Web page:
My next interview was with Sir Basil Spence’s team based in Canonbury, a flourishing office in London, which resulted in a second interview. I was full of myself having fallen in love with Coventry Cathedral, bringing along extra art material and line drawings as requested which they applauded but we had an extraordinary disagreement over what I can only describe as my architectural philosophy ~ actually, I think I was a bit too full of myself and needed bringing down to earth, resulting in a resounding bump/bruised ego! (It might also have been due to the fact that I happened to mention Alan Watson, a family friend in Swindon, came third in the Coventry Cathedral Competition!)
With my ‘tail between my legs’ I arrived at an office secreted away above Leadenhall Market in Central London, climbed an ancient rickety wooden staircase and came back out with my first appointment as a junior architectural assistant with Fielder & Tatnall, F/FRIBA. There were just four rooms, one each for the two partners, one for the receptionist and the last with two drawing boards one of which was mine!! First drawing was for the street logo sign for AMP Insurance Group and the second for their lift housing gear room. We did Barclays head office and London branches, numerous schools, Goldsmiths College buildings, boathouses and accommodations, and alterations to a memorable semicircular building, the Punch Offices in Bouverie Street: a vast medley of exciting work. I survived for a year which ended with my having awful bronchitis, from trying to inhale cigarette smoke, resulting in six months convalescence in Mildenhall, nr Marlborough.
I eventually returned to London to pursue an amazing role as Architectural Assistant with Laurence King & Ptns, Gower Street, essentially Church and School Architects. I was attached to Laurence’s team upstairs next to his plush, well appointed office. Did I revel in the best world ever but as always we take too much for granted and leaving his office has to be my one big regret in life! We were mainly responsible for Exeter and Blackburn Cathedral, numerous churches and vicarages; I drew all the printed/published material, organ cases, the cathedral crossing in Blackburn alongside John Piper the sculptor, the new East Door in glass at Exeter Cathedral and a pair of squash courts for Framlingham College! I must comment on the fact that I designed the very first open tread cantilevered wooden staircase with a triple railing using stringed tensioned stainless steel wires ~ oh how I wish that I had registered it under a patent ~ my design has been copied and manufactured thousands of times since then so it must have worked despite the structural engineers having a nervous breakdown! Unbelievably a colleague of mine was designing a staircase for National Power’s New Headquarters in Swindon twenty years later: I placed my hand on his shoulder, said “excuse me, that’s a copy of the staircase I designed to lead up to the viewing gallery of the squash courts at Framlingham College” ~ Robert’s face was a picture! I was certainly one very privileged lad in a team of just three. We would frequently go to Covent Garden and on for black tie dinner events! Treats out for us, the ‘youngsters’ including seeing “Hair” the musical down the road ~ all quite unforgettable.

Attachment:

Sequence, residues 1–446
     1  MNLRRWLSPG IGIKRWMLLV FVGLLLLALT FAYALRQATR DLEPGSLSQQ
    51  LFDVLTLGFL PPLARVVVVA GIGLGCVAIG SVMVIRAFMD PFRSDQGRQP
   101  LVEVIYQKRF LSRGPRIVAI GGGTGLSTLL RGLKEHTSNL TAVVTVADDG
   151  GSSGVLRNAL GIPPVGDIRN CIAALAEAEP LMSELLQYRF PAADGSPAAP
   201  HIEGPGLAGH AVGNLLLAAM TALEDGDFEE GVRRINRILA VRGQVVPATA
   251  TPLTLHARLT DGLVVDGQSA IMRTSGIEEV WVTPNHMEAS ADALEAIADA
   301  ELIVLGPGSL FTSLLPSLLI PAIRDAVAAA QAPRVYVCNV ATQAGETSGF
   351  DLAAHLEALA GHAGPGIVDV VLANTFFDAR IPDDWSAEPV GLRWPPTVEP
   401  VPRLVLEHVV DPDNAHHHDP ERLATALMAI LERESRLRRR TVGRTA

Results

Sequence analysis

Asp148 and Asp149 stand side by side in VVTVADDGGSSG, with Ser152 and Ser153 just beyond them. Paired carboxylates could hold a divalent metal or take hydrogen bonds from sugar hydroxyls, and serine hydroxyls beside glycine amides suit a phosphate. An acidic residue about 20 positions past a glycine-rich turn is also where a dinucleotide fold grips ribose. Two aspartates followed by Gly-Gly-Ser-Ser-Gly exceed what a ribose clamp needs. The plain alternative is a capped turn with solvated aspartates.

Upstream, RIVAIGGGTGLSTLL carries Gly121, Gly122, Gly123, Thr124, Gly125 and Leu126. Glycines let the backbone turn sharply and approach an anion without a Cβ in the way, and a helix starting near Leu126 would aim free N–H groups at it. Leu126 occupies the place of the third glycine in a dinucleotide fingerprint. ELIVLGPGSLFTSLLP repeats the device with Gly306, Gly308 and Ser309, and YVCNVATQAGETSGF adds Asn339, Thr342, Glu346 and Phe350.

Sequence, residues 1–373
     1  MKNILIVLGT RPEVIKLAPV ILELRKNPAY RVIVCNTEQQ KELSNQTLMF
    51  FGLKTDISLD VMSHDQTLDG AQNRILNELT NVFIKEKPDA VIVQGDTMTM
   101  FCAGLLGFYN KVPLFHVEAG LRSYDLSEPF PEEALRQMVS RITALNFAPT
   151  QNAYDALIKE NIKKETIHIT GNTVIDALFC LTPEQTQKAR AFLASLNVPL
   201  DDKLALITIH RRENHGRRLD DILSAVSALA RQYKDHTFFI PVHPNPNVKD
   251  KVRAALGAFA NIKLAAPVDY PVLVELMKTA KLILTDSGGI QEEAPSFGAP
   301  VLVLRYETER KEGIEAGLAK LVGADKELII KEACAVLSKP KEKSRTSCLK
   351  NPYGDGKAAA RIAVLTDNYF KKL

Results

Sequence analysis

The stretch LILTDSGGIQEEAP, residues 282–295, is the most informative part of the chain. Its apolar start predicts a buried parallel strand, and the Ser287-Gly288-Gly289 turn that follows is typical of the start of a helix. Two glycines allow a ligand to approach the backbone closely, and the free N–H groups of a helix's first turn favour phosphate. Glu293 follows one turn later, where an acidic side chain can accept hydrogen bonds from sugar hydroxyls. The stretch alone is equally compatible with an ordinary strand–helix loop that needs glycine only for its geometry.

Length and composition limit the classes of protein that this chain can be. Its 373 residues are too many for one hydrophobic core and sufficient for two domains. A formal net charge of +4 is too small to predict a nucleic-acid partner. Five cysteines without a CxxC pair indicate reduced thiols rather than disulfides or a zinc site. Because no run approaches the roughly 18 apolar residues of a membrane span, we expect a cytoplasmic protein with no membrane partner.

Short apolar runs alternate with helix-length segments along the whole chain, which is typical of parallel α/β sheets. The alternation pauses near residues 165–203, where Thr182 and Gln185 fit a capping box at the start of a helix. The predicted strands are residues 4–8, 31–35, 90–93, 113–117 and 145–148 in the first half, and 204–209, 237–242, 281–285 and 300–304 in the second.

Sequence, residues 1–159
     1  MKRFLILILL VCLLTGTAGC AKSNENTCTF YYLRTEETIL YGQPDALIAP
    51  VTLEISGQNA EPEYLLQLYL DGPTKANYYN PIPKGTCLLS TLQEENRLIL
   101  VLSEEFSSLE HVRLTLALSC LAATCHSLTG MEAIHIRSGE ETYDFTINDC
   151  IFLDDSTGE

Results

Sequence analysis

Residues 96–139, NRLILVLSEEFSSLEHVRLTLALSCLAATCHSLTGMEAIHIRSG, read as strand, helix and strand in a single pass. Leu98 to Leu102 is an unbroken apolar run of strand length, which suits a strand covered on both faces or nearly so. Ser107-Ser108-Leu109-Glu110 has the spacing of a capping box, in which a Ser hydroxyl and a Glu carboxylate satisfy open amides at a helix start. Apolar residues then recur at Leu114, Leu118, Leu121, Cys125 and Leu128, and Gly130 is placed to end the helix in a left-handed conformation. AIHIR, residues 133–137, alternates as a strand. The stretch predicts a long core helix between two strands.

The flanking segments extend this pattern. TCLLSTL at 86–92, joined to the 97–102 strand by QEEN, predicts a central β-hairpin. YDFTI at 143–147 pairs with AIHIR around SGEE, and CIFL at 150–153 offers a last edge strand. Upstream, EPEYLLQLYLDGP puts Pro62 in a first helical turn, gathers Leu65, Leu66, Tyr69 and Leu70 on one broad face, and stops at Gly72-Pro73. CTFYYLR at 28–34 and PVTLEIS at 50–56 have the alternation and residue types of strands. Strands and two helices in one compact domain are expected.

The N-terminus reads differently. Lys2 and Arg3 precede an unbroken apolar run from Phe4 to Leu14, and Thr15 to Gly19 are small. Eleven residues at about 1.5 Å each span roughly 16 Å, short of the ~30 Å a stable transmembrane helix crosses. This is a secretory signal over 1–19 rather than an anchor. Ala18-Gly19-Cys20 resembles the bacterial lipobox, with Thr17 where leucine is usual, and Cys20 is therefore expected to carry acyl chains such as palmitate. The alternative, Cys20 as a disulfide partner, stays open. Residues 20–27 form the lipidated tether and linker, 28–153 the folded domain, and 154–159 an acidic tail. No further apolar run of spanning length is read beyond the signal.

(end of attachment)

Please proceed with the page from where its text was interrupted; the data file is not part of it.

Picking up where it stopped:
I tried unsuccessfully to get into the AA School of Architecture in Bedford Square, literally around the corner, but they didn’t seem keen on ‘mature’ students. I do wish that I had stayed at No.9 Gower Street and to overlook about qualifying as an Architect!
A brief afterthought:
Luke Chapman was the photographer of the picture below, which is my No.1 favourite photo of the city! It’s extra special as I submitted a scheme for the Greenwich Design Competition including a 500m long compass on the meridian line that the public could displace and watch in awe as it slowly navigated back to due north, hopefully knocking over members of the public in its path ~ no doubt the reason for my not being shortlisted!!